Nikolas Stylianou
(RIEAS Research Associate and Security Analyst, PhD Candidate in Security and Intelligence Studies at Newcastle University, UK)


Few days have passed since the terrorist attack in Boston, carried out by Dzhokhar Tsarnaev, 19, and his brother Tamerlan Tsarnaev, 26. This provides sufficient time to record some introductory observations and to extract some preliminary lessons learned. It is absolutely quintessential that, in the aftermath of a crisis, the security and intelligence apparatus of a state commences the procedure with an aim to assess what has been learned, what went wrong and what needs to be avoided in the future.

This procedure is critical to the future strategic planning and security production of the state. The current article aims to briefly note down some first observations and lessons learned out of the recent terrorist attack in Boston.

1. The ontological grounds upon which the concept of security is theorized need to be revised. It is valid to argue that the domain of international politics and especially the concepts of security and intelligence are becoming more dynamic and therefore more abstract. State entities no longer constitute the sole unit of analysis; the inclusion of non-state actors as well as individuals into the security equation as well as in the study of terrorism has become a necessity. The expansion of security in terms of level of analysis (states, non-state actors and individuals) provides for the necessity of the ontological revision and update of the definition of security. In an increasingly globalized political system, the security matrix and consequently, security decision-making and production, have become much more complex and demanding. The extremely changing nature of the operationalization of terrorism calls for a significant shift within the domain of security studies.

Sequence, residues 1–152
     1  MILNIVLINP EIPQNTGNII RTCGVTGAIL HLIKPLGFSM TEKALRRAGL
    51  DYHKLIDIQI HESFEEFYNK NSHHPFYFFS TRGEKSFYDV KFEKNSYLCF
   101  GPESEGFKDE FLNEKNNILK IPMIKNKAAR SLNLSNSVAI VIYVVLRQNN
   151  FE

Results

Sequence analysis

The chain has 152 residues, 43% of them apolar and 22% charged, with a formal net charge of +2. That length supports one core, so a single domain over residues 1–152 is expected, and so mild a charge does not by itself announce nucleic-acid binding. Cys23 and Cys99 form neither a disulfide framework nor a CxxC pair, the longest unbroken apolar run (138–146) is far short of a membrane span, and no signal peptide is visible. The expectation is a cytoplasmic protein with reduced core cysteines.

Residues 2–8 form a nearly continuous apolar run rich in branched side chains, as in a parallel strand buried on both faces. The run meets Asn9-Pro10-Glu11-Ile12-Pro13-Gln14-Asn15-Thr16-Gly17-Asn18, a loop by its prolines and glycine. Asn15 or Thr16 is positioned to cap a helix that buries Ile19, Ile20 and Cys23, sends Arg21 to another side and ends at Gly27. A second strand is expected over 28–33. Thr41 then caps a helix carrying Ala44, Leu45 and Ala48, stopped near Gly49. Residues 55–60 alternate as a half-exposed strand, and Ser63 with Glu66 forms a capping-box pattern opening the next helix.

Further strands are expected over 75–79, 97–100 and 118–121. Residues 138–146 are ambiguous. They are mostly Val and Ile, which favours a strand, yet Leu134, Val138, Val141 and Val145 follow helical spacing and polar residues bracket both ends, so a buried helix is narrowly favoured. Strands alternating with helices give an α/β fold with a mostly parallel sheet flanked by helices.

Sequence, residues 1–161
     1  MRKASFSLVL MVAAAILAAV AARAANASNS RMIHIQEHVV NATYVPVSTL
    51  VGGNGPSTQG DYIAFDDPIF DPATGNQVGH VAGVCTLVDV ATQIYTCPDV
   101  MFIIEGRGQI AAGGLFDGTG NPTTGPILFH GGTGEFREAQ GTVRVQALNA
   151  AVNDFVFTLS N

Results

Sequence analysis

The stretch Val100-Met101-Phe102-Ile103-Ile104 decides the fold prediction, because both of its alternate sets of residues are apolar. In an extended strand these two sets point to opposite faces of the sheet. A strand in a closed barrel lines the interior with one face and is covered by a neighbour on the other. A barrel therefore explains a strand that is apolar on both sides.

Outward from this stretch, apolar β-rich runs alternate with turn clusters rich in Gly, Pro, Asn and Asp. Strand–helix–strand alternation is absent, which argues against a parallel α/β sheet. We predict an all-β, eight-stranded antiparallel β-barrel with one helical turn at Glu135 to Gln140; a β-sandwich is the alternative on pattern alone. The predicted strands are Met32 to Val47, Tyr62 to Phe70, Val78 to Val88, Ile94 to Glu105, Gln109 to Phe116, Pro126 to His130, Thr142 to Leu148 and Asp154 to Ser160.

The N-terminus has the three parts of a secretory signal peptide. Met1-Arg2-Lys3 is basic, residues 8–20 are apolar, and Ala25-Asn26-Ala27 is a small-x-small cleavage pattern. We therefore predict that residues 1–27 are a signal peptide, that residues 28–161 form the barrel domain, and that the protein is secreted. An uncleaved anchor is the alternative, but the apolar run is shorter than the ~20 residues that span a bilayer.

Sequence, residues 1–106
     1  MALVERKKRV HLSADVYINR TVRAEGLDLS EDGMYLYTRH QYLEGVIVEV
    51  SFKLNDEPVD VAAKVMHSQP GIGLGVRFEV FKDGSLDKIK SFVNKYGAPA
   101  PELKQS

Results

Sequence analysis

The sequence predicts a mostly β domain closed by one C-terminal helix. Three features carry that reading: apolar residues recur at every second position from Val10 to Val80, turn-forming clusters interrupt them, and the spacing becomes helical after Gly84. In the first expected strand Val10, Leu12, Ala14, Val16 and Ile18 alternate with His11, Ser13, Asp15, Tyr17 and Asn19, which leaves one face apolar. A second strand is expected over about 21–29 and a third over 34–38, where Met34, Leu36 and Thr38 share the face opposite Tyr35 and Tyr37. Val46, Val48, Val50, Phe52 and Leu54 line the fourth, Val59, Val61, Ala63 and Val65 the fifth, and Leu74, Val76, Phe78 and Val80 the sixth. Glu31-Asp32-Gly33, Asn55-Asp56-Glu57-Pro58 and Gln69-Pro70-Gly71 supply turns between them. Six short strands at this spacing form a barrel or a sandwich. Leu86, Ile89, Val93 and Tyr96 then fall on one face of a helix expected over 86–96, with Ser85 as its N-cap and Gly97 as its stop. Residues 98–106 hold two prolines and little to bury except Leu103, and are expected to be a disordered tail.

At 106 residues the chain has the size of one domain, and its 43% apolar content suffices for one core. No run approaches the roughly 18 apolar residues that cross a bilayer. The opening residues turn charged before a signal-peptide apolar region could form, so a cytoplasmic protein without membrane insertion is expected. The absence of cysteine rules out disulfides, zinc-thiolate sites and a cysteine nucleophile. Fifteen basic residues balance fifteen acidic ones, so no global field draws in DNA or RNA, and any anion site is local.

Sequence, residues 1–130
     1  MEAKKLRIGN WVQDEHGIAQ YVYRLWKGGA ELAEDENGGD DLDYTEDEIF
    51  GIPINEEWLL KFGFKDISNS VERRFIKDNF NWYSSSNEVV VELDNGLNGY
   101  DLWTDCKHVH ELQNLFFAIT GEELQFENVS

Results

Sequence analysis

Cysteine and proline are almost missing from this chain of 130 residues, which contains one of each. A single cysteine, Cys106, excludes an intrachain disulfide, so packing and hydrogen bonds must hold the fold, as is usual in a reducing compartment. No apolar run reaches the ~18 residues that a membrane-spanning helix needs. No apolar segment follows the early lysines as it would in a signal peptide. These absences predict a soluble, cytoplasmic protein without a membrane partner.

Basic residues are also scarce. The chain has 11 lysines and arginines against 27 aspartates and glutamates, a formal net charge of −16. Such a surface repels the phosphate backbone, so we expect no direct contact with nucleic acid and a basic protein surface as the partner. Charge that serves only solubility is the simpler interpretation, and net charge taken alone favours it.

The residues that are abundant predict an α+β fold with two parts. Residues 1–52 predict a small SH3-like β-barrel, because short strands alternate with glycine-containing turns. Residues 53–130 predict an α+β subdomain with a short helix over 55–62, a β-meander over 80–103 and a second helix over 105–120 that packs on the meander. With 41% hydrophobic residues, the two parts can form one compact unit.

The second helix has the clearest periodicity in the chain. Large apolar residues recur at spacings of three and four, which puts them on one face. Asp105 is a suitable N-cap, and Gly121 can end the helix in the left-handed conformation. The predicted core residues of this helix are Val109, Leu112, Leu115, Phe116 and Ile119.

2. Terrorism and how it is manifestates has become increasingly asymmetrical in nature. Inexplicit geographical origin and practically invisible; it is valid to assert that terrorism is an act of psychological warfare. What is more concerning is that acts of terrorism have become deeply ‘sociologized’ in their operationalization; their modus operandi has been developed in societal and social grounds. The ‘lone-wolf’ phenomenon, where individuals not directly affiliated or logistically supported by a terrorist organization has made it to the mainstream and is considered to shape the future model of terrorist activities.

3. The Global South and Global North have become heavily interdependent in terms of security. It is strategically invalid to assert that conditions of instability, internal strife and domestic terror in the Global South can be contained by military checkpoints and physical elements within certain geographical boundaries.

4. The role of the Media in the midst of a crisis is critical. The smooth collaboration of Media and Law Enforcement Agencies is the cornerstone of an effective crisis management operation. The Media can rapidly accelerate the spread of panic within the society and hence impede the management of the crisis. The recent terrorist attack in Boston has shown us that the Media should maintain an open line of communication with the appropriate Law Enforcement Agencies in order to mitigate panic, provide substantial and effective instructions and guidance to the civil society.


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